In the short window following the strong winds of storm Gareth and before spring gets properly underway when the birds and bees get ready for, well, the birds and the bees, there has just been time to do a spot of woodland work.
If you go down to the woods today, you’re sure of a big surprise. Why? Because three hazel trees have been cut to near ground level, or coppiced, creating a clearing in the woodland. Sounds drastic? Well, allow me to explain.
Coppicing is an ancient technique that has been practised in this country for centuries. It relies on the fact that deciduous trees (and many other plants) resprout from below where they were cut. Trees, such as hazel and willow, are planted and then cut every few years to obtain products such as poles, whips for basketry, timber for fencing and firewood. In pre-industrial times this sustained people’s needs and was also amazing for wildlife. Coppiced woodlands are managed on a rotation system, a different area being cleared each winter, creating a mosaic pattern of different age trees and habitat at different stages of succession. As light floods into the woodland there is a profusion of woodland wildflowers and over the next few years young saplings rush upwards to close the gap in the canopy. The coppiced area effectively creates more woodland edge, the most diverse part of the habitat, attracting both creatures that like the shade and those preferring the sun. The unusable tops of the cut trees can be turned into protective dead hedges around the coppiced area, slowly rotting and returning nutrients to the soil. So, a win for people and a win for wildlife!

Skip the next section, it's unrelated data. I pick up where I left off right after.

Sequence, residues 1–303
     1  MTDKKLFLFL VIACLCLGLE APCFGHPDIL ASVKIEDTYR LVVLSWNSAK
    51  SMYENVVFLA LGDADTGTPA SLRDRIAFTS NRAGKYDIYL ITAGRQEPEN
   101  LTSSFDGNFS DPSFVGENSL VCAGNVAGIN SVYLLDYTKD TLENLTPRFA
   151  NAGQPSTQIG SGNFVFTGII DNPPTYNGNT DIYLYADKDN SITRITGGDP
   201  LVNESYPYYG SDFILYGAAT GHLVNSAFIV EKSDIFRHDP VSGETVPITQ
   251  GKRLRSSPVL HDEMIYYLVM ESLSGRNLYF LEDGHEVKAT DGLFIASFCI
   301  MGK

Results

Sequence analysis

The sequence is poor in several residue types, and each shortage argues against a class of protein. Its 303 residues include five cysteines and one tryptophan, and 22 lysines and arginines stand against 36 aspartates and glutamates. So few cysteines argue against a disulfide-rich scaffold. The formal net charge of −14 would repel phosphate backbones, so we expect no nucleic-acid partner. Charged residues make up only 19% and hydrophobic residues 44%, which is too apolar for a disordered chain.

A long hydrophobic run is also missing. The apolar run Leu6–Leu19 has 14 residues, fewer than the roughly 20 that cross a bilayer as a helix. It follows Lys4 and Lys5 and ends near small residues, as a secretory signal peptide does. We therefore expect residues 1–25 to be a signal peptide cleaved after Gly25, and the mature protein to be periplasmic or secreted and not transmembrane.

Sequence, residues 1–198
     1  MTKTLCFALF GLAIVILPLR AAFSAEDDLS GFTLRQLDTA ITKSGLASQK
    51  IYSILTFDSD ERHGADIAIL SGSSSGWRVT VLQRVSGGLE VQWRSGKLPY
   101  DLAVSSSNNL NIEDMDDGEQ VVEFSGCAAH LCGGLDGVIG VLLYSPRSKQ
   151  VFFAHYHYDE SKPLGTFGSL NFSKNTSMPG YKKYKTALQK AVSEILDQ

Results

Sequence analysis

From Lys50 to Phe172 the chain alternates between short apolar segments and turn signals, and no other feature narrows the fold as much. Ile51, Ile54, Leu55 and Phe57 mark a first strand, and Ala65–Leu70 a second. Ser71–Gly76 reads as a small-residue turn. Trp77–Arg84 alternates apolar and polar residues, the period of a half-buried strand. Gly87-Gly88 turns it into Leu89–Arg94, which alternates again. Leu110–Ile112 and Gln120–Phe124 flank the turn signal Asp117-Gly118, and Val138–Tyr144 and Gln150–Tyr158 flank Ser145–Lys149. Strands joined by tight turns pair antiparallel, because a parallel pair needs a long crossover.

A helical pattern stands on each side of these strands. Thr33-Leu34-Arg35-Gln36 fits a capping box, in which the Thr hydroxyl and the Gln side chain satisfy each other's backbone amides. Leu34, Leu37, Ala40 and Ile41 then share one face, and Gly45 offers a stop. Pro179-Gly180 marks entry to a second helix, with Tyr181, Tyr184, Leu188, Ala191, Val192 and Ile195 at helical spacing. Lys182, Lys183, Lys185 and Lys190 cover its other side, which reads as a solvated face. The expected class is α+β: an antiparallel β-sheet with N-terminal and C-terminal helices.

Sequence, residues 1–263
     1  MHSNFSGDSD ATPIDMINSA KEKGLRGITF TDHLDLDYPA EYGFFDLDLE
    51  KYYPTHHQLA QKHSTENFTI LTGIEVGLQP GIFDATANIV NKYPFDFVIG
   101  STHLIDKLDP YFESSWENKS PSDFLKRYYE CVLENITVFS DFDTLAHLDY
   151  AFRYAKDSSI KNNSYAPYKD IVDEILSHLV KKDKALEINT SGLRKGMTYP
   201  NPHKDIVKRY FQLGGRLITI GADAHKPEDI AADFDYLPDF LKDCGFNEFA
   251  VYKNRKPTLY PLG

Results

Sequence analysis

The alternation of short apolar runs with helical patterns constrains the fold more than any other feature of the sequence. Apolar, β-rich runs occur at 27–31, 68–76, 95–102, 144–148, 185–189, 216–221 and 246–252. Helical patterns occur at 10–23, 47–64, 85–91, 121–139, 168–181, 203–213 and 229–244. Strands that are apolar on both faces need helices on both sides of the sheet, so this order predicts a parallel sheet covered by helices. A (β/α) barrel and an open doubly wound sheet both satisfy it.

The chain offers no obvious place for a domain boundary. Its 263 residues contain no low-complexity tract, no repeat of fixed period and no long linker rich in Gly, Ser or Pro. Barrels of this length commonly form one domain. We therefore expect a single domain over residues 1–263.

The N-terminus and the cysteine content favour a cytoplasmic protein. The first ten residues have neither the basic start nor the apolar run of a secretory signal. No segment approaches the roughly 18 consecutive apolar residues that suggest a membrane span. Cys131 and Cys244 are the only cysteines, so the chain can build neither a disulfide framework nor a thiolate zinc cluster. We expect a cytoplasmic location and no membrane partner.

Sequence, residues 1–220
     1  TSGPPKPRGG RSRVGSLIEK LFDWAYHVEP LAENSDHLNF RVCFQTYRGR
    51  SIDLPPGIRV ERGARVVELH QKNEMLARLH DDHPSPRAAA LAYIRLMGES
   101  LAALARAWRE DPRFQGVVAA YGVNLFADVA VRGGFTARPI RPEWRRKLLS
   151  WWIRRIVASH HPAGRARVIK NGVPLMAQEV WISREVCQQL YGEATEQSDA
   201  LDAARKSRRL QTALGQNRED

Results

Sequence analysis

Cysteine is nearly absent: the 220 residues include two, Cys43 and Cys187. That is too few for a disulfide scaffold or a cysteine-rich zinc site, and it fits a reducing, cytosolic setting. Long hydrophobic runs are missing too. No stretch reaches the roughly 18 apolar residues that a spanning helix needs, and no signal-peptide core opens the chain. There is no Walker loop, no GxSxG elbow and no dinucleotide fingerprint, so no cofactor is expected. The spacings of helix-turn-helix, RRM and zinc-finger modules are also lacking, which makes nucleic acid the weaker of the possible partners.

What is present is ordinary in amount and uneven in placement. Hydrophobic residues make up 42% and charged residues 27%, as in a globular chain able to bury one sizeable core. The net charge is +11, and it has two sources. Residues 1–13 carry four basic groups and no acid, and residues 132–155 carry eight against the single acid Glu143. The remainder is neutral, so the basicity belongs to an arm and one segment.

With all our electricity and modern stuff, we are less reliant on our woodlands for our direct needs, although of course we should value them highly as nature’s air conditioners, soil builders and flood preventers to name but three essential ecological services they provide for us. The sad thing is that much of the wildlife associated with coppiced woodlands has declined as they fell out of favour with modern society.
So, back to Sadeh’s woodland. By counting the tree rings on stumps, I reckon they were last coppiced maybe 30 years ago. The intention here is to gradually restore the hazel coppice at the northern end, while leaving the southern part as wilder wood to be enjoyed by all. The hazel limbs, which I cut with bowsaws over a few days in March, will become stakes for the farm, firewood, log piles and dead hedges. Plus, I collected many bags worth of litter from the wood, so it is becoming cleaner and less hazardous too. And the new clearing offers a perfect opportunity for woodland education sessions or just watching the evening sun set through the trees.
We can connect with our wild spaces more by obtaining from them some of our needs, none more so than our food. What a great fruit is the blackberry! And how do we wish we could reach the middle of the bramble patch, such that in the late summer you can find its edge indented with pockets as pickers reach ever further for the purplest, juiciest berries. Voila! The large bramble patch near to the compost heaps now features 3 paths, oriented towards the sun to maximise ripening, so we can access even more blackberries. And brought about by a combination of chopping, weaving the bramble into one other, a few stakes for support, cardboard to keep down the nettles and an acceptance that getting scratched by thorns is all part of the fun. Brambles are also great wildlife habitat, so half of the patch is left for non-humans to enjoy undisturbed.
Bramble leaves are also edible. Did you know that they make a tasty and nutritious herbal “tea”? I highly recommend it. Early spring is the best time to pick the new light green leaves while they are soft and thorn-free. Washed of critters and then dried in the dehydrator for about 7 hours we now have several jars worth adding to our stores of dried herbs.